I'm a bit sad that the Olympics are over because I don't know about you, but I could watch gymnastics and synchronized diving all day. In fact, despite my general lack of interest in sports, I've really enjoyed watching a number of Olympic events over the past two weeks. I suspect that Riker has too if his jumping and leaping around the living room is anything to go by.
In Australia, we never had a television so if we were there, I'm pretty sure we wouldn't have watched the games at all. But, since we're in the US (and staying somewhere with a big screen TV) we've been tuning in regularly. I'm not one to be terribly patriotic but I've felt great pride in cheering for Team USA.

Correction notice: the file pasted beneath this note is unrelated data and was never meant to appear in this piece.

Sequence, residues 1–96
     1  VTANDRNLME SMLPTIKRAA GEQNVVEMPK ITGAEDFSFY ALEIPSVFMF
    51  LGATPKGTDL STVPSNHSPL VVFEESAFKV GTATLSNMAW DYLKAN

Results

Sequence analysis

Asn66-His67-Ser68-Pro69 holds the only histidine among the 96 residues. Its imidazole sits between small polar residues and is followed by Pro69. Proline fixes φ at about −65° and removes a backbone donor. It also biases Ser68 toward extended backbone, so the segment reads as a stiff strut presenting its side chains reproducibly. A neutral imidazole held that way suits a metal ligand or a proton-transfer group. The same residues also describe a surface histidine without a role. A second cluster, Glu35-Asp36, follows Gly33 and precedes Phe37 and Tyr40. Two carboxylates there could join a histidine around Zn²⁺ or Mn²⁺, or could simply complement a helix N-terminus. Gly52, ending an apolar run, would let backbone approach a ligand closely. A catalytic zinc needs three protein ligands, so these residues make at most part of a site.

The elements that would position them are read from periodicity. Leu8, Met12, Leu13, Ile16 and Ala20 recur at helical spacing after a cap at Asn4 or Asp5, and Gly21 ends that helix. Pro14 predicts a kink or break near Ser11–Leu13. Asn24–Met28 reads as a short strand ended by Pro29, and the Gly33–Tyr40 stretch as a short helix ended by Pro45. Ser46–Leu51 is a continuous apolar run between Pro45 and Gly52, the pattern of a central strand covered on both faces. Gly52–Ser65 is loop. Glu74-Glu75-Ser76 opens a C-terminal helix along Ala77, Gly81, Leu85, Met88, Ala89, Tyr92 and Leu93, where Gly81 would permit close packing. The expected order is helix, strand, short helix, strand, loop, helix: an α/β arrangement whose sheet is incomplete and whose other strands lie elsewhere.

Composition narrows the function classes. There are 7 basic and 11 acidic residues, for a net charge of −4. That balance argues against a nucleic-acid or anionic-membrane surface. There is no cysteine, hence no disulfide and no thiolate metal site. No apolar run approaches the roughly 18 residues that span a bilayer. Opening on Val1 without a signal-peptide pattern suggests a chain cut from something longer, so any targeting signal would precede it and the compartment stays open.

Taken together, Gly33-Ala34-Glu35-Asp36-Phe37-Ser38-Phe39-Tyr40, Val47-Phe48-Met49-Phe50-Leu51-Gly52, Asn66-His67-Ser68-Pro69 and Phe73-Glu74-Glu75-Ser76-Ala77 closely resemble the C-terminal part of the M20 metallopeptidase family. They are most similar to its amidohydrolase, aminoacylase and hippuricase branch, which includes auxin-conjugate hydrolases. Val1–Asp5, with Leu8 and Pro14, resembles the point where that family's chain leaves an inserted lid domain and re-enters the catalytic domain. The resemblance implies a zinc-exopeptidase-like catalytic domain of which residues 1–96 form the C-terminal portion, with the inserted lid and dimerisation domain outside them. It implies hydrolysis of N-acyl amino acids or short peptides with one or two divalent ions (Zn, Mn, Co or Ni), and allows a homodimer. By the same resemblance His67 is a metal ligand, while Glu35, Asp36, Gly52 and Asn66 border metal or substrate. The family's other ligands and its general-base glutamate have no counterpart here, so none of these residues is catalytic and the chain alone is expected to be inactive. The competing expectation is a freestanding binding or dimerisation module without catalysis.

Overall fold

One of the things that has kept me interested (in addition to the spectacular demonstrations of human ability of course) is the depth of human emotion displayed in the games. We see drama on television all the time but it's contrived. In the Olympics we are witness to the crushing grief of shattered hopes and the sheer elation of accomplishing one's grandest dreams. I found myself getting teary eyed when Jordyn Wieber missed out on the all-around gymnastics competition and feeling giddy when the US women relay sprinters were about to break a world record. These very real emotions are truly moving - reality TV at its best.
The closing ceremony has put an end to the games and it's probably a good thing to go back to watching less TV. But you know you've been watching the Olympics for two weeks when the first song that comes to mind for the baby's lullaby is not Twinkle Twinkle Little Star, but the Star Spangled Banner.